The search for ‘more’ can lead to the church

By Brett Robinson, The Theology of Technology

Summertime used to be about big blockbuster movies. This summer box office receipts are sagging and even the sequels are having a hard time. The “Avengers: Endgame” phenomenon is an exception, but it points to a big shift in our popular culture landscape.

The movie industry is playing an endgame of its own as it tries to figure out whether theaters are still viable in an age of cheaper offerings like Netflix. The church should pay attention to this trend as well.

The theater has historically been a communal place of “worship.” Not worship in the religious sense but in a secular sense, what James K.A. Smith calls a “cultural liturgy.” These are activities that form our imaginations and worldviews in particular ways, and they don’t have to take place in a church.

Movies, sporting events and concerts are cultural liturgies because they draw upon our deep longing to be part of something bigger than ourselves and to share the experience with other people. These cultural liturgies don’t provide communion with God in the Eucharist, but they hint at a desire for a kind of communion.

The cinema has been helpful in giving us a common culture with stories about good and evil or suffering and redemption. However, those stories are not always rooted in the truth of the Gospel and what the church teaches. They are pure fantasy. If what young people are rejecting is fantasy, then their desire for something real may be experiencing a new awakening.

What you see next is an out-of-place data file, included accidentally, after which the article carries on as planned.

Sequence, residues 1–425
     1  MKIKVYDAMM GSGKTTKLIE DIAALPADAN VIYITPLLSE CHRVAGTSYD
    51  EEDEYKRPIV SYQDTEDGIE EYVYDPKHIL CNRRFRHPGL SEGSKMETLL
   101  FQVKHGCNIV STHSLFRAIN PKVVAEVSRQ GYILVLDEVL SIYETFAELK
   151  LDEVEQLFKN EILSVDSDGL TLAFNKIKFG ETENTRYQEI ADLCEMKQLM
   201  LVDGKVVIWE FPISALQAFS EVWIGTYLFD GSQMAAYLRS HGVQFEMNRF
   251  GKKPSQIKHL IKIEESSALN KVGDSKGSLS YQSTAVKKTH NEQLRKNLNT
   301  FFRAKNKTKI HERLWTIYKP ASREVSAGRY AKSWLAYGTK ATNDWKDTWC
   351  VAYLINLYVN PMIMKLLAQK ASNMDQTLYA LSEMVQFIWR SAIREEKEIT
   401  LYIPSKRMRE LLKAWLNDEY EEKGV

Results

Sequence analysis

This is the blessing and curse of the social media age. Smartphones and Instagram feeds dominate the daily habits of young people, which means that the influence of Hollywood producers is waning. Young people are searching for something different, something more personal and real. They are searching for a better sense of themselves.

The movie “Jaws” is considered the first blockbuster. It was a fantasy starring a mechanical shark that terrorized a beach full of actors.

Today, kids are more likely to follow the real story of shark attack survivor Paige Winter in North Carolina, a 17-year-old girl who has inspired her peers on social media with her fighting spirit and zeal for life. Posts about Paige on social media have exploded and reached “block buster” status.

Our pressing task is to remind young people that their experience on the internet need not be an empty fantasy full of dreams and desires about being the next Instagram star or gaining a thousand new followers.

That’s a movie mindset and the movie industry is dying because young people want to be exposed to the real world and their place in it. The church, not the cinema, has always been the best place to start that search.

Brett Robinson is director of communications and Catholic media studies at the University of Notre Dame McGrath Institute for Church Life.

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